Journal Article Annotations
2023, 3rd Quarter
Annotations by Jon Sole, MD, MSc and O. Joseph Bienvenu, MD, PhD
This systematic meta-analysis of 151 studies, encompassing 1.2 million patients, suggests 50% of survivors experience persistent symptoms after COVID infection, the most common including abnormal PFTs, fatigue, depression, cognitive deficits, and memory impairment. Risk factors included age, male sex, severity of acute infection, and living in a high-income country.
Strength and weaknesses:
This study is one of the largest to explore the prevalence of mental health disorders in patients with COVID-19. It included over 1 million patients across 32 countries, evaluation of seven organ systems, and 102 specific symptoms related to COVID-19. The study’s quality assessment indicated a mixed quality level of included studies, with a majority being classified as medium quality.
While the study is not specific to critical care, findings suggest patients with more severe infection (such as those requiring ICU admission) are more likely to experience PTSD, sleep disturbances, cognitive deficits, concentration impairment, and gustatory dysfunction, highlighting the need for further evaluation of these domains in this sub-population.
This is a prospective cohort study of family members of patients hospitalized in 23 ICUs in France with a primary diagnosis of ARDs due to COVID-19 versus other causes. Family members were assessed for PTSD-related symptoms, anxiety, depression, and complex grief at 3 and 12 months after hospitalization. Results suggest no significant difference in prevalence of these factors between family members of patients with COVID-19 ARDs and those with non-COVID-19 ARDs at 12 months.
Strength and weaknesses:
The study includes a large sample size (602 family members), prospective design, assessment of multiple psychiatric outcomes, and two assessment time points over one year. Generalizability may be limited to France, and there is a possible lack of power due to loss of follow up at 12 months. Additionally, there is a lack of information regarding family members’ mental health interventions throughout the study period.
The study suggests that family members of patients with COVID-19 ARDS may not be at increased risk for developing long-term mental health concerns compared to family members of patients with other causes of ARDS. Current standard of care interventions for family members of patients with non-COVID-19 ARDS may not require modifications for COVID-19 related ARDS in a family member.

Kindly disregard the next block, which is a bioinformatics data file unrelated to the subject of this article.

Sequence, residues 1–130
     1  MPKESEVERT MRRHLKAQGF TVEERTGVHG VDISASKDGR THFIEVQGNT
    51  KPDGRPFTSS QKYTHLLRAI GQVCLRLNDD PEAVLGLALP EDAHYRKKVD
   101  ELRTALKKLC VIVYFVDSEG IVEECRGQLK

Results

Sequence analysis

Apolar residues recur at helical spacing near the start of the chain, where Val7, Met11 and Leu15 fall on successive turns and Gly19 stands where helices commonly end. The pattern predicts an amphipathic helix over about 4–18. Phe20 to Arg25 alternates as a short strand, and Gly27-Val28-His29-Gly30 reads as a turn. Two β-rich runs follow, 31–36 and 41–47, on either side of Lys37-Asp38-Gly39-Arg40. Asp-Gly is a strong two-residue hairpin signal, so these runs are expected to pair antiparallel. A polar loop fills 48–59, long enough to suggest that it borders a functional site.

The authors searched PubMed for articles published in the last 5 years on PICS, evaluating included studies for PICS incidence, subtypes, risk factors, and interventions via narrative review. Findings include that PICS is common for ICU survivors, with up to 80% of patients experiencing at least one symptom at 12 months post-discharge. They identified four subtypes based on severity of impairment to physical and/or mental health status and broadened associated risk factors, including female sex and delirium. Early mobilization and physical rehabilitation appear to improve long term outcomes for ICU survivors. PICS is a growing consideration as the number of ICU survivors increases. This narrative review assists in remaining current on evolving understanding for the vulnerable ICU survivor population.
The review provides a comprehensive overview of the prevalence, risk factors, diagnosis, and management of delirium in infants admitted to the NICU. Risk factors include young age, developmental delay, invasive ventilation, and exposure to neuro-sedative drugs. Delirium is associated with higher mortality, longer time on mechanical ventilation, and increased hospitalization costs in children. There are unique non-pharmacologic and pharmacologic considerations with limited diagnostic tools for delirium in neonate populations.